Q1: I remember that Archbishop Burke excommunicated a couple of women who claimed that they had been ordained Catholic priests a couple of years ago. Now I read that the Vatican has issued rules about punishing women who do that. Does that undo Archbishop Burke’s punishment of them? Does the Vatican think that he handled it the wrong way? –Sally
Q2: Why did the Vatican lump women who want to be priests into the same document with pedophile priests recently? I understand that women can’t be priests, but are they really as bad as child molesters? –Laurie
A: It is true that a new document was made public by the Vatican recently, addressing (among many other things) the issue of women’s ordination to the priesthood. But before discussing it, let’s take a look at some of the history that led up to its release.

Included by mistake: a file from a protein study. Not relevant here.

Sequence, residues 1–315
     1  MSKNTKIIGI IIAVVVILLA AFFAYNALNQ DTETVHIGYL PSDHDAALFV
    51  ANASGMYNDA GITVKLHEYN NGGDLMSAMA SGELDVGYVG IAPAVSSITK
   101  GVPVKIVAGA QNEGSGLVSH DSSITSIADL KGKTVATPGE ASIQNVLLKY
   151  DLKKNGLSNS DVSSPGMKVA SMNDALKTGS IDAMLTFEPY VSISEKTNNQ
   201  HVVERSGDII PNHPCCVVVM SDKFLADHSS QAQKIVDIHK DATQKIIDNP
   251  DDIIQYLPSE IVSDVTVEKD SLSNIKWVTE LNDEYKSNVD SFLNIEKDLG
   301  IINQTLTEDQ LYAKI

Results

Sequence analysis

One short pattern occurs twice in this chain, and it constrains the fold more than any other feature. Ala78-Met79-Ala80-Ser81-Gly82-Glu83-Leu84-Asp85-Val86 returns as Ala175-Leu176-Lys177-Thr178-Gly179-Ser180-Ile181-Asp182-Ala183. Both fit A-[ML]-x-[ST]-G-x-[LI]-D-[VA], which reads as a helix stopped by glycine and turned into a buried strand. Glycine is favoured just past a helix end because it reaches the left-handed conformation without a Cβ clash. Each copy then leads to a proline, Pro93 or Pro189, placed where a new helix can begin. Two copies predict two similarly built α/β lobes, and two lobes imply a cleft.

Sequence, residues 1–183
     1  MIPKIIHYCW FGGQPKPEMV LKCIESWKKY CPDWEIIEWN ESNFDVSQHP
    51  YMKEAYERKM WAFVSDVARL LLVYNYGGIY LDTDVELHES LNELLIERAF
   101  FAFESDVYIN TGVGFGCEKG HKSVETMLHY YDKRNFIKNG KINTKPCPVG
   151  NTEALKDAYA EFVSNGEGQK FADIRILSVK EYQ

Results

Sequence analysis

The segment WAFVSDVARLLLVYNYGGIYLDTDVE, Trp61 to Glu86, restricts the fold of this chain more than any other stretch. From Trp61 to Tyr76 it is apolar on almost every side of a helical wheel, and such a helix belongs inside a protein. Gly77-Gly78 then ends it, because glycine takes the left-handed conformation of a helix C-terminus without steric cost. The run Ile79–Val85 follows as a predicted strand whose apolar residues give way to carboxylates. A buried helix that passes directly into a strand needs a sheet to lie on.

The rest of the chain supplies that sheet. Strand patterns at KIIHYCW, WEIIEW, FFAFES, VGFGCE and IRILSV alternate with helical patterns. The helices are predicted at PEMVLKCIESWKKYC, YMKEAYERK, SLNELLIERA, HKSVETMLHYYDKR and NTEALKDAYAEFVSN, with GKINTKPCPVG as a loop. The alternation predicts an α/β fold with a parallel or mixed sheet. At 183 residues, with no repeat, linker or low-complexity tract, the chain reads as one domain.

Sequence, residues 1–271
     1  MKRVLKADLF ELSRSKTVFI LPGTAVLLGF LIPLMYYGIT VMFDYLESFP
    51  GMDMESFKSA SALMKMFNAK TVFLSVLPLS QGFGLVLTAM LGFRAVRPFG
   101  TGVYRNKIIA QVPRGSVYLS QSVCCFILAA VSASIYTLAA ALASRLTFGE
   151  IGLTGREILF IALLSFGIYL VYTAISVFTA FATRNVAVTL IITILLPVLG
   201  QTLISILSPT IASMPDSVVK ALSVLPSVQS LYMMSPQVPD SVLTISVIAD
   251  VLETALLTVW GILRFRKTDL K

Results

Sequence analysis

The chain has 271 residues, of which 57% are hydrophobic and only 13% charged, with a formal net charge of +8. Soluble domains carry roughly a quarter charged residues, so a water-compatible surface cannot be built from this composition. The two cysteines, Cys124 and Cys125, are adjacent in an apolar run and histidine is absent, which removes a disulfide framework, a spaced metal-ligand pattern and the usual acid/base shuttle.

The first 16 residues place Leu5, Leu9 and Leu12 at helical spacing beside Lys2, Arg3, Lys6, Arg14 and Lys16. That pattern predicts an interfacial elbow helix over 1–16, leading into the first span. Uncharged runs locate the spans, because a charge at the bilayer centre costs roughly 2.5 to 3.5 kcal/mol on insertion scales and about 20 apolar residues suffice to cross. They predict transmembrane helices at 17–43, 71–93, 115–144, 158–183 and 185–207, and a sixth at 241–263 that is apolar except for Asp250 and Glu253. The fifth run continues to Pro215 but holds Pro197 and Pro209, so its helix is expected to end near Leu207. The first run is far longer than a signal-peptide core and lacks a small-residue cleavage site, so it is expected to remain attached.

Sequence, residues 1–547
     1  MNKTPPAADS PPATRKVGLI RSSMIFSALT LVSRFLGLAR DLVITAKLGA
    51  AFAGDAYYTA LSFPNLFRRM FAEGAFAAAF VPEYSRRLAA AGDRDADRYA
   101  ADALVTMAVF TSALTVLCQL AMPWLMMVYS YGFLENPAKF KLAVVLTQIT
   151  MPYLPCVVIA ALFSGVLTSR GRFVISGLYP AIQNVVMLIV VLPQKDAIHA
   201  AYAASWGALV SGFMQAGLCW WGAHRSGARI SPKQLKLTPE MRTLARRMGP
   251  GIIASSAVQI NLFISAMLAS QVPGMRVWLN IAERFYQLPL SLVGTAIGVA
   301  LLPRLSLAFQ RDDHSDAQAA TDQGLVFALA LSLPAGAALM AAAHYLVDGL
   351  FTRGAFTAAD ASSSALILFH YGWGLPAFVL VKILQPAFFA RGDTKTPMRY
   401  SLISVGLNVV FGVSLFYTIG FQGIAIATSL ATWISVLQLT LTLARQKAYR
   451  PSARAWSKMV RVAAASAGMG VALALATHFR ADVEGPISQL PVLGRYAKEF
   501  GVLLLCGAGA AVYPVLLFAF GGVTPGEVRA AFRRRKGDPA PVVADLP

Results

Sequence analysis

As we saw back in the December 1, 2007 and March 28, 2008 columns, women cannot be ordained to the Catholic priesthood. Canon 1024 states unequivocally that only a baptized male can be validly ordained. If a woman, therefore, goes through the identical ordination ceremony, the sacrament of Holy Orders is not conferred upon her, as the sacrament has no effect.
But as many of us already know, there are a number of women, in the United States and elsewhere, who insist that they have been ordained as Catholic priests. Some of them even claim to be Catholic bishops! We Catholics who understand our faith are well aware that these claims are absurd; but there is no doubt that many other Catholics, who are uneducated (or badly educated) in the Church’s teachings, can be confused all too easily by these women. After all, when simple Catholics see a woman wearing priestly vestments, standing at an altar and saying the words of consecration over bread and wine, what are they to think?